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  • Norman A. Thomas

Quest for Clarity: Elements of Proof for Use of a Firearm in the Commission of a Felony Offense

The Court of Appeals of Virginia released a soon-to-be published panel decision on January 8, 2019, in Kimberly Paul Barney v. Commonwealth of Virginia, 2019 Va. App. LEXIS 5 (January 8, 2019). Judge William G. Petty authored the Court’s opinion, joined by Judges Teresa M. Chafin and Glen A. Huff.

In Barney, the Court considered both the jury instruction given and the elements of the statutory offense, use of a firearm in the commission of a felony. See Va. Code §18.2-53.1. Regarding the elements of proof, the Court strove to analyze its own and the Virginia Supreme Court’s diverse, yet relevant precedent. It sought to establish clarity in Virginia law respecting this oft-prosecuted crime.

Kimberly Barney committed robberies of two Walgreens stores in Hampton. In the first, she placed merchandise on the checkout counter with a note demanding that the clerk put “the money” in a bag, “stay calm” and “not make a sound” if the clerk “wanted to live.” The clerk testified that Barney “made a ‘motion, like, she had a weapon in her pocket.’” The clerk “saw an imprint of what appeared to be a gun barrel or what a gun barrel will make if it was being poked through an article of clothing,” and believed that Barney had gun.

In the second robbery, committed the next day, Barney feigned purchasing an item for cash and upon the clerk’s opening the register drawer, “told the clerk to give her all of the money…’now.’” Barney threatened the clerk, stating that “she had two guns” and that if the clerk went any slower “she was going to shoot [her].” The clerk testified that although she saw no gun, Barney “had her hand in her pocket…pointing toward” the clerk.

Within moments after the second robbery, “police found Barney sitting in a parked car. Police did not find any weapons on Barney’s person or in her car.” Barney confessed to the robberies including that she “led the clerks to believe she had a gun,” but denied using a firearm to commit them.

Barney’s appeal focused not on the robberies, but on a jury’s decision to convict her for two counts of use of a firearm in their commission. The trial court refused Barney’s proffer of Virginia Model Jury Instruction 18.702, entitled “Definition of firearm – Use of Firearm in Felony,” which reads in part:

A firearm is any instrument that is capable of expelling a projectile by force or gun powder. A firearm is also an object that is not capable of expelling a projectile…but gives the appearance of being able to do so. The [existence] of a firearm may be proved by circumstantial, direct evidence or both.

The trial court gave the Commonwealth’s proffered instruction, “Where a victim reasonably perceived a threat or intimidation by a firearm, it is not necessary that the object in question was in fact a firearm.” Barney objected to this instruction and the denial of her proffered instruction.

On appeal, Barney asserted “that the trial court erred in refusing” her proffered firearm-related instruction, “and giving the instruction proffered by the Commonwealth instead.” She also argued that because insufficient evidence existed to support either firearm use conviction, the Court in remanding should not permit the Commonwealth to retry her on those charges.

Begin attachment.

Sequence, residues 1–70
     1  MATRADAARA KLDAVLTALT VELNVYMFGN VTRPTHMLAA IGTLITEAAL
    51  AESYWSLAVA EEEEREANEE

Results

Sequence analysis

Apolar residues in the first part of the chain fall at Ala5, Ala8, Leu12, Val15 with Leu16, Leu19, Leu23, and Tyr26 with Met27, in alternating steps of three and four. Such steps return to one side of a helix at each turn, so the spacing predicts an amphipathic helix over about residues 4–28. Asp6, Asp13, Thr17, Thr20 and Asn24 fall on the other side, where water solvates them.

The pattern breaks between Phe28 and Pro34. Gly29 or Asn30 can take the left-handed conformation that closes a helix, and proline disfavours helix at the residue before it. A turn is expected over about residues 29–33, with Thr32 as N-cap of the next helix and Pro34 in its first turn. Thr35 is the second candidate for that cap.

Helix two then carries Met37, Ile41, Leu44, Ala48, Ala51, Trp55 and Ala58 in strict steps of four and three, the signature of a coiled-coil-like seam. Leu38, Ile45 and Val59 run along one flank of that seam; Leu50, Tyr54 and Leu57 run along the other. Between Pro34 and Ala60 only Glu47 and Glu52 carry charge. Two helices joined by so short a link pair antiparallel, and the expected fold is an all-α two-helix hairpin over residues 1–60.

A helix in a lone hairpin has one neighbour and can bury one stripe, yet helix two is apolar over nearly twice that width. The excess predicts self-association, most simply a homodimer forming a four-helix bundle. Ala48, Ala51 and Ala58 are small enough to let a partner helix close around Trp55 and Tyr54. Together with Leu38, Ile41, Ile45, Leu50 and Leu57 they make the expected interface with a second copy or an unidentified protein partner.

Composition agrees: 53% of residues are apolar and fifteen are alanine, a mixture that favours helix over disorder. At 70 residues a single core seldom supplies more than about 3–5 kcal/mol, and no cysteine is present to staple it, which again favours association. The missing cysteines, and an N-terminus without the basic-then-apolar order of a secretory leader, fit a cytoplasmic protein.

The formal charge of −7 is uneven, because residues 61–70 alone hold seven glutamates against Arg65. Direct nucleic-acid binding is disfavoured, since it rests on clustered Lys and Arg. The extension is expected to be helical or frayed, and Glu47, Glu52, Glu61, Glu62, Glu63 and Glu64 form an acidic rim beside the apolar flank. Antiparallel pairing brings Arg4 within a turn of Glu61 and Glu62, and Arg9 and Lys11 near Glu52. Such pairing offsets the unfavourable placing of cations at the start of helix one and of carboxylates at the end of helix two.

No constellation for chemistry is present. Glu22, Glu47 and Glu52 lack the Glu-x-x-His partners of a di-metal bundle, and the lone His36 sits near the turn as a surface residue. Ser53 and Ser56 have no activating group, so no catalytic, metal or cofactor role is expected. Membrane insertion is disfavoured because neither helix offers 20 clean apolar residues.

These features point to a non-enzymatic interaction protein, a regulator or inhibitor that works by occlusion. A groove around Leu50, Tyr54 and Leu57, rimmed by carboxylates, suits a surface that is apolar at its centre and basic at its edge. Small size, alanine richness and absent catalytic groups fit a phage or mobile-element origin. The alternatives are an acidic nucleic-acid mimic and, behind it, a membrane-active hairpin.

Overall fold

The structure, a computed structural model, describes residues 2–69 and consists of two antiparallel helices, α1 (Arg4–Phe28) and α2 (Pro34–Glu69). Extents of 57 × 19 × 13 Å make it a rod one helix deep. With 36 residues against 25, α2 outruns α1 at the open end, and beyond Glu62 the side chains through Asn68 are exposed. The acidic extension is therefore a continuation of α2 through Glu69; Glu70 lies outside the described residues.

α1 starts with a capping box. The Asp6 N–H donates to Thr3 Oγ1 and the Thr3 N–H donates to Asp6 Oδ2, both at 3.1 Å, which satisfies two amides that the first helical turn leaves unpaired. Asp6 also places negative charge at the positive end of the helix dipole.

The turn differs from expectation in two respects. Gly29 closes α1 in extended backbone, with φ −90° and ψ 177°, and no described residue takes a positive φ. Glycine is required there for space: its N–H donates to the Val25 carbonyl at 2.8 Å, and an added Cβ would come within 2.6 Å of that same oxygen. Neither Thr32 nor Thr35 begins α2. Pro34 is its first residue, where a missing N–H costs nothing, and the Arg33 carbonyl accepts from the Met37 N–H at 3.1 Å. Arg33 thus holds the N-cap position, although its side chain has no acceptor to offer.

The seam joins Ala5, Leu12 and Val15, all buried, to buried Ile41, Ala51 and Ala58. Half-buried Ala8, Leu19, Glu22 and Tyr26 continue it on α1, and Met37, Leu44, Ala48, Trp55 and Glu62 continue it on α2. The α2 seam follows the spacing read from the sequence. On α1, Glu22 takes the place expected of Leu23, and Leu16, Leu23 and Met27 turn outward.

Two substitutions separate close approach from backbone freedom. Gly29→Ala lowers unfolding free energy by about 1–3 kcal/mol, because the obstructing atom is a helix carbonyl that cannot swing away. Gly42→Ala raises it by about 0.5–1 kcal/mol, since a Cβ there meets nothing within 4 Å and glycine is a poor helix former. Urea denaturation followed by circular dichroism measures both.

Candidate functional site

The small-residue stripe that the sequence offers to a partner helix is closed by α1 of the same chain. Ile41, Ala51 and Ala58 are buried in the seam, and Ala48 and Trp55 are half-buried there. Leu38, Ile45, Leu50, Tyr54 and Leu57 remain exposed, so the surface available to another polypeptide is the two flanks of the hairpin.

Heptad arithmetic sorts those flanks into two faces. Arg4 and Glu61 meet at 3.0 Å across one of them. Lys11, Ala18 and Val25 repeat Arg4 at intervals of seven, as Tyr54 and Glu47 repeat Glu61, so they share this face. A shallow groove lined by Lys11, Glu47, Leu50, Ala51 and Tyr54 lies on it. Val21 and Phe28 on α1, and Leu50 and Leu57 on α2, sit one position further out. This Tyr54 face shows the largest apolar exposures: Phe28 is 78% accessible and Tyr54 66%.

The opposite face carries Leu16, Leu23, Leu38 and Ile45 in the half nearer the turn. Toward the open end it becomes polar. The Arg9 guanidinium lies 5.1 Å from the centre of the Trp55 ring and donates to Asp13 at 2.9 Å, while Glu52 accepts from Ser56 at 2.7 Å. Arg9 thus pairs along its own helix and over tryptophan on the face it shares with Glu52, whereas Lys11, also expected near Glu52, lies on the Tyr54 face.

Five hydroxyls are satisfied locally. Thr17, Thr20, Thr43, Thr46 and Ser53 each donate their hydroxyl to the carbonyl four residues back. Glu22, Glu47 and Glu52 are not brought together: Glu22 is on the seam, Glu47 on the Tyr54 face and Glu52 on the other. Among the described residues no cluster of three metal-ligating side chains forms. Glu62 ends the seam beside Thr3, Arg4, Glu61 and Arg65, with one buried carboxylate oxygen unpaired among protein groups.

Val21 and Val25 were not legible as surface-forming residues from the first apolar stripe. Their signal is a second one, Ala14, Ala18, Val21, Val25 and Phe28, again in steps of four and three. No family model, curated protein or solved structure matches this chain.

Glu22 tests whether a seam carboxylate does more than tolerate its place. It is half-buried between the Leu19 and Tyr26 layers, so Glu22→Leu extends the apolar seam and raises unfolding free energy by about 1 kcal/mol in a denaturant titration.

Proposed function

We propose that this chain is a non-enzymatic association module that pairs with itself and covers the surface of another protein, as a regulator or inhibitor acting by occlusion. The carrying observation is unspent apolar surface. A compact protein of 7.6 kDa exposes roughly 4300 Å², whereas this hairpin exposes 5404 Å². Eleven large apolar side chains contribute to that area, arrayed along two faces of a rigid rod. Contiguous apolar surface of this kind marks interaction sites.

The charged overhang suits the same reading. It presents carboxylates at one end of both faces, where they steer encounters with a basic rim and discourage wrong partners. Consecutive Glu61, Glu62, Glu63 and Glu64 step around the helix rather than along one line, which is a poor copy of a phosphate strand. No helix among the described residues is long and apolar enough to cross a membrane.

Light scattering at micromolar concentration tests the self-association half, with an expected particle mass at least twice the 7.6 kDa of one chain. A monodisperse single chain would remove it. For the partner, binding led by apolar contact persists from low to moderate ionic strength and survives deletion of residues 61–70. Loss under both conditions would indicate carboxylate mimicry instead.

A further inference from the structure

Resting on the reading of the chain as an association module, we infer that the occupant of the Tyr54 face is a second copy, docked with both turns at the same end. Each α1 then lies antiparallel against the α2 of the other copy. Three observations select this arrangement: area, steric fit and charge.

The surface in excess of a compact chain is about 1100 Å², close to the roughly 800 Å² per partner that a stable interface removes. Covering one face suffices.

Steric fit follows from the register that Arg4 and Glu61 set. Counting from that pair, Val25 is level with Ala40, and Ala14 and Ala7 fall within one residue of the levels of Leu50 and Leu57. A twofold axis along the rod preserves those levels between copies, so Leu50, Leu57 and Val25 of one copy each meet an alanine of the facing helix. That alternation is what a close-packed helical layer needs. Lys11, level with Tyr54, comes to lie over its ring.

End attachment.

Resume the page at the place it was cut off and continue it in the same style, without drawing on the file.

The Court prefaced its legal analysis by discussing applicable standards of review. It noted that an appeals court’s “responsibility in reviewing jury instructions [is] ‘to see that the law has been clearly stated and that the instructions cover all issues which the evidence fairly raises.’” The abuse of discretion review standard applies to a trial court’s decision to give or deny requested instructions. Yet, “whether a proffered jury instruction accurately states the law is reviewed de novo…Furthermore, a trial court abuses its discretion by failing to properly instruct the jury on the elements of an offense.”

After quoting Va. Code §18.2-53.1’s criminalization of “use or attempt to use” a firearm “or display such weapon in a threatening manner while committing or attempting to commit…robbery,” the Court noted that, “‘Firearm’ is not defined in the statute.” It stated that the Virginia Supreme Court “has addressed the issue on a number of occasions,” and observed that a review of that precedent “illustrates what while the Court’s path of analysis has not always been direct:”

[U]ltimately, the conclusion is clear; what controls is the objective fact that the instrument used was either an actual firearm or an object that gives the appearance of a firearm, and not the victim’s subjective perception that it might have been a firearm.

The Court then reviewed several Supreme Court decisions on the proof necessary to establish a violation of Va. Code §18.2-53.1. It additionally cited Court of Appeals’ decisions in accord with that precedent. In his lengthy review, Judge Petty noted a key yet sometimes confusing distinction. On the one hand, conviction under Va. Code §18.2-53.1 requires proof of a firearm’s use or use of an instrument appearing to be a firearm, and that “a sensible victim of a holdup ‘acts on appearances[.]’” Holloman v. Commonwealth, 221 Va. 196, 198 (1980). For this proposition and the “broad construction” given to the term “firearm” under Va. Code §18.2-53.1, the Court digested or otherwise cited Johnson v. Commonwealth, 209 Va. 291, 296 (1968); Yarborough v. Commonwealth, 247 Va. 215, 218-19 (1994); Powell v. Commonwealth, 268 Va. 233, 236-37 (2004); Startin v. Commonwealth, 281 Va. 374, 377, 382 (2011); Armstrong v. Commonwealth, 263 Va. 573, 582-83 (2002); Courtney v. Commonwealth, 281 Va. 363, 368 (2011); Jordan v. Commonwealth, 286 Va. 153, 158-59 (2013); and Cox v. Commonwealth, 218 Va. 689, 690-91 (1978).